Lights twinkle. A fire blazes in the grate, sending lively little sparks fluttering upward. A damp log crackles, pops and then settles. The air is heavy with the scents of cinnamon and pine.
The air has turned cold outside, the nights have drawn in and through the fog, the trees look hostile and brooding in their nakedness. The countdown is on for a great banquet.
As we approach the end of another year, the great feast of Christmas approaches. It is arguably the most commercialised date in our calendar. We strive for perfection: seeking to impress with a picture-perfect home and an elaborate menu showcasing our culinary prowess. We completely exhaust ourselves, and resolve that next year, we won’t fall prey to the many external pressures that have so influenced us. How foolish, to be so caught up in what other people think!
But by the time December rolls around again twelve months later, we have forgotten our pledges and steely resolutions and we do it all again.
When I was younger, Christmas meant a number of things to me: family, giving gifts, carol services. Adorning the beautiful century-old house where we lived with lights and decorations. Blaring Christmas music: classical, traditional and modern, we played it all. And then, there were gatherings with extended family, gifts received, nights out with friends and the paltry concerns of wardrobe, hair and make-up: such wonderful times and so few worries!
With the accumulation of years, I have found that December in particular can by trying and it seems to weigh on me a little more each year. I feel tired, both physically and emotionally. I am unable to concentrate. I feel like I am juggling so many balls and I have so many spinning plates, that I cannot even count them. All the items I am trying to store in my brain seem to be brimming over. I feel anxiety over having all of the right gifts for everyone.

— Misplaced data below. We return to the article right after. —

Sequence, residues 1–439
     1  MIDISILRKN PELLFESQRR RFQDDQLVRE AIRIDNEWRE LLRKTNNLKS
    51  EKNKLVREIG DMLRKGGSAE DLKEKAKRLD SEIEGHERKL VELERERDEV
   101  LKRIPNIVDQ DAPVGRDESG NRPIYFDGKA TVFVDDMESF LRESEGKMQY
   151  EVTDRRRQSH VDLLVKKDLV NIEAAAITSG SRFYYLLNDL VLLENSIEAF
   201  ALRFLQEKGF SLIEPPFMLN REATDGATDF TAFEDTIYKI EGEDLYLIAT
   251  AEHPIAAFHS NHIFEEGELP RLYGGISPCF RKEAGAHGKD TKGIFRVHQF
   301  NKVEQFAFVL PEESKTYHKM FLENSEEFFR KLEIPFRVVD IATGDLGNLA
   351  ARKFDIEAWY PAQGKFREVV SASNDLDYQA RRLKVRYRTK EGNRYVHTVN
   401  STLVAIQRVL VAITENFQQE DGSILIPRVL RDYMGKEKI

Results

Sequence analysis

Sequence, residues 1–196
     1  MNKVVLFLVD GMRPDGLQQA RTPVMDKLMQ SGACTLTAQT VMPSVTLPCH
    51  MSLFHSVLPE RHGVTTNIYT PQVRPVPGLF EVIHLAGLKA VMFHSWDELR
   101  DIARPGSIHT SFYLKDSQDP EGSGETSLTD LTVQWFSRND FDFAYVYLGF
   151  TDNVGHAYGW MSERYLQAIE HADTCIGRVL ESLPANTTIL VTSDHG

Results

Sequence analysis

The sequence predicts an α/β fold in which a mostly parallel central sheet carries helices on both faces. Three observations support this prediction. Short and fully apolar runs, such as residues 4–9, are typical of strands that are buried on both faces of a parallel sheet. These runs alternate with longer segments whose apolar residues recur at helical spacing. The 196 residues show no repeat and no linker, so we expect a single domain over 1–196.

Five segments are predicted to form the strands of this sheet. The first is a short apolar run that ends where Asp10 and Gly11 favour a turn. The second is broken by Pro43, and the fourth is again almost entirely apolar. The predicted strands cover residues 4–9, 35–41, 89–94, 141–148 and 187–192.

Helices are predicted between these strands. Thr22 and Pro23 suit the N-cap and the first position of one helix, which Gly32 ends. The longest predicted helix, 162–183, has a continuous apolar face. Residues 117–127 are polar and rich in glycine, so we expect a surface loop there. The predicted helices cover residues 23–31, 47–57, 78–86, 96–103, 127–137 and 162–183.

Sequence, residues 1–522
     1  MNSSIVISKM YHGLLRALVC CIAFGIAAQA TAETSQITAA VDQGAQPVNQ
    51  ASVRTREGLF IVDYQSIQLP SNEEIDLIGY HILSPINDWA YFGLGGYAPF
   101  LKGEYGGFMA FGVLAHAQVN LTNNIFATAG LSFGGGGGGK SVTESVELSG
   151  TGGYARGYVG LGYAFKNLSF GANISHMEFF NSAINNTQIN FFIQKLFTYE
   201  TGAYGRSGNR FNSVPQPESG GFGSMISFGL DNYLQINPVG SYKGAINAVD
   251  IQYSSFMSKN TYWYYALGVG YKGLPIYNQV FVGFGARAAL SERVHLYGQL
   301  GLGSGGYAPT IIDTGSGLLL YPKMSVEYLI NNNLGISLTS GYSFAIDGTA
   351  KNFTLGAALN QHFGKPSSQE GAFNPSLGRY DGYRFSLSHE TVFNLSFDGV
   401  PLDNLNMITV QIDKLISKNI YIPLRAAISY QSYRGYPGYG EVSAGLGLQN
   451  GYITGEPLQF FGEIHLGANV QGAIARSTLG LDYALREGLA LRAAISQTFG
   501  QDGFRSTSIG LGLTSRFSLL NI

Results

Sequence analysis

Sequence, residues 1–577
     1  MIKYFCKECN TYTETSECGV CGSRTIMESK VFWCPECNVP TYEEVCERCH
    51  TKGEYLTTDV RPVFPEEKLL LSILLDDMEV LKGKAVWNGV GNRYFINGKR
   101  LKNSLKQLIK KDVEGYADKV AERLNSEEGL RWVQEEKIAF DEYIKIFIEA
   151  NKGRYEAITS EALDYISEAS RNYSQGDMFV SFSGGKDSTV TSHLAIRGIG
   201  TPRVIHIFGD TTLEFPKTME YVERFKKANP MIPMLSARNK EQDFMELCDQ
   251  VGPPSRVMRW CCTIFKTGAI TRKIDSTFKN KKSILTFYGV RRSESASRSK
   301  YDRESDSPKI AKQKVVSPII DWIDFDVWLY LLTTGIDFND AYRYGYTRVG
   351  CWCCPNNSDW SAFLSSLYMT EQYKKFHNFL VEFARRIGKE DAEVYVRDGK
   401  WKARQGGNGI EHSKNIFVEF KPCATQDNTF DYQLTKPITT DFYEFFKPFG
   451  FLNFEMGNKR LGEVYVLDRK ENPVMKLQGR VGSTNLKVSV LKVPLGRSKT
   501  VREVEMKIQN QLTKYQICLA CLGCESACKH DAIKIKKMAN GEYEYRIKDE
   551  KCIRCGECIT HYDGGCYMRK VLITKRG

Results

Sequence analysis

Of course add to all this that this year, I have it in my head that gifts must be purchased locally, they must be sustainable, packaging must be recyclable. I have ordered lots of items online: will they be delivered on time? I don’t know if my mother and brother will actually be able to travel to spend Christmas with us. Will they be getting Covid tests? Should they quarantine here. If they do join us for the break, I am bringing them into our ‘bubble’ and potentially putting my husband’s family at risk.
The past number of weeks have been busy. Luke is still in school and some extracurricular activities have resumed, but no nativity events will take place and there certainly will not be any playdates over the holiday break. Stephen (my husband) is working long hours – his work week as an electrician is on average about sixty hours – and then he is doing chores around the farm at the weekend. We have over three hundred sheep among other smaller animals, so the regular schedule of care for them is done at the weekend when we can all work together to get the job done.
During the week, I am the sole farmer, cook, housekeeper, bookkeeper and chauffeur. Whatever tasks come up, I have to find a way of getting them done. Maybe it is electric fencing for the sheep, or bringing animals to sell at the livestock mart, but it is also doing homework, keeping the house, grocery shopping, cooking, cleaning out the poultry coop, trying to keep on top of the gardening… the list goes on. Jack of all trades, master of none, flitting between jobs and triaging as I go!
I think a part of the problem with this time of year, is that the days are so short, you have a much more limited window of time to do ‘all the things’. On a really miserable day, it might not be bright until after eight in the morning and the sky has returned to darkness by five in the evening… such a difference to the height of summer where it seems like the light never fully leaves the sky!
But, all this said, I have developed a secret weapon. Painfully simple but wholly invaluable. Lean closer, let me whisper in your ear. It goes like this. Awareness.
Year after year, I find myself with this awful feeling of being backed into a corner and not quite knowing what to do next. Having too long a to-do list, bouncing between too many tasks and trying to be the perfect hostess are usually my triggers – I’m thankful that I have learned to recognise them. For me, that choking, head-spinning feeling of being utterly overwhelmed by all that is going on around me causes my productivity level to plummet, which obviously further impacts the problem. So I have taught myself to recognise this feeling and to name it out loud to myself.